Kassoon

May 17 - Enemy Camps

This week was pretty much all about enemy camps and preparing the world for expansion. Greks have set up settlements along the beaches, and they very much don't want you to come visit. So much so they've set up lookout towers to protect their homes, and outfitted themselves with bows to shoot at you. If one of the lookouts spots you he'll alert the camp and start shooting at you. His aim is pretty good. He's been practicing during his downtime and he has a lot of downtime.

Enemy Camps

Since lookouts are always... looking out they can see a lot farther but have a narrower field of view, so they're easier to sneak up on from different angles. The Grek lookouts also work in shifts all day, so don't expect to be able to sneak up on a defenseless camp when they're all asleep. The others still sleep though, they're plenty defenseless.

Additionally there have been some graphical changes. There's a new indicator for stealth and detection, as well as continuing improvements to the look of skin.

New Skin

The rest has been getting the world ready for expansion. Once complete, the world will be roughly 310 times larger, or an expansion of 31,000% if you like seeing the same number but bigger (I do). This requires completely reworking the way the engine stores and loads terrain, which is basically all the engine does, so it takes a liiiiittle bit of doing. I had planned for this eventuality though so it shouldn't take too long.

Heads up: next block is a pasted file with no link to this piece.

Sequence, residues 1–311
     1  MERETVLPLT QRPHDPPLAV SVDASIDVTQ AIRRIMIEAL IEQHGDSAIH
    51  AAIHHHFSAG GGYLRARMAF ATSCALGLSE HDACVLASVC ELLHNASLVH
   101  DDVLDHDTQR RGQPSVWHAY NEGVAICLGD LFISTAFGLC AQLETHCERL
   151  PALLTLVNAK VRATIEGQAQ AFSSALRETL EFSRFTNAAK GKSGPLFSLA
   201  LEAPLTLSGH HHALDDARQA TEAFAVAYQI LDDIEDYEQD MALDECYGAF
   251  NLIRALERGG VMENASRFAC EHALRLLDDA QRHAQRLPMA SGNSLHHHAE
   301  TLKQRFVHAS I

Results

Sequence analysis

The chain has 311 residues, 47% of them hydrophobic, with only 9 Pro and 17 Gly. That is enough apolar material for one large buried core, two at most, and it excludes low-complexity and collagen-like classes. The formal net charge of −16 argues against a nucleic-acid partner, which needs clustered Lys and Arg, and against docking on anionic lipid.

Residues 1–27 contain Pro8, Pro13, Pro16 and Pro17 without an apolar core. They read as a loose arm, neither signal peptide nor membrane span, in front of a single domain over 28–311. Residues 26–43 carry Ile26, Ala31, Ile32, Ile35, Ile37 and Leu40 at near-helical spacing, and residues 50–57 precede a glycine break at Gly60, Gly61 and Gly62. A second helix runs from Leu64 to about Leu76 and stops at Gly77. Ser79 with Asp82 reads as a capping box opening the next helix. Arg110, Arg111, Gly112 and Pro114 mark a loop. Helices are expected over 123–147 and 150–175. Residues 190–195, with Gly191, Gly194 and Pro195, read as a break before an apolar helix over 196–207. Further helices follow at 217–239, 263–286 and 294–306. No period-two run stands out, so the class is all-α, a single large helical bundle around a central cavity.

"So why not just infinite terrain?" I may add something like this if you decide to venture beyond the normal bounds, but I don't like infinite for the "core world" for several reasons. Number one being, there are no guarantees, and lesser quality/detail of the world. Having a defined space lets me ensure certain things like "there will always be X number of towns," "there will always be a capital city," "there will always be X number of dungeons," "you will always start in a town and have access to a vendor," "there will always be these certain biomes." With totally random and infinite generation none of those things are guarantees, and you may end up in a world where all the fun stuff is really far away. Declaring boundaries lets me tell the engine to MAKE SURE those things are always available within a certain radius, and be able to have actual setpieces and storylines that I know everyone will get to enjoy, rather than nothing but rolling hills forever.

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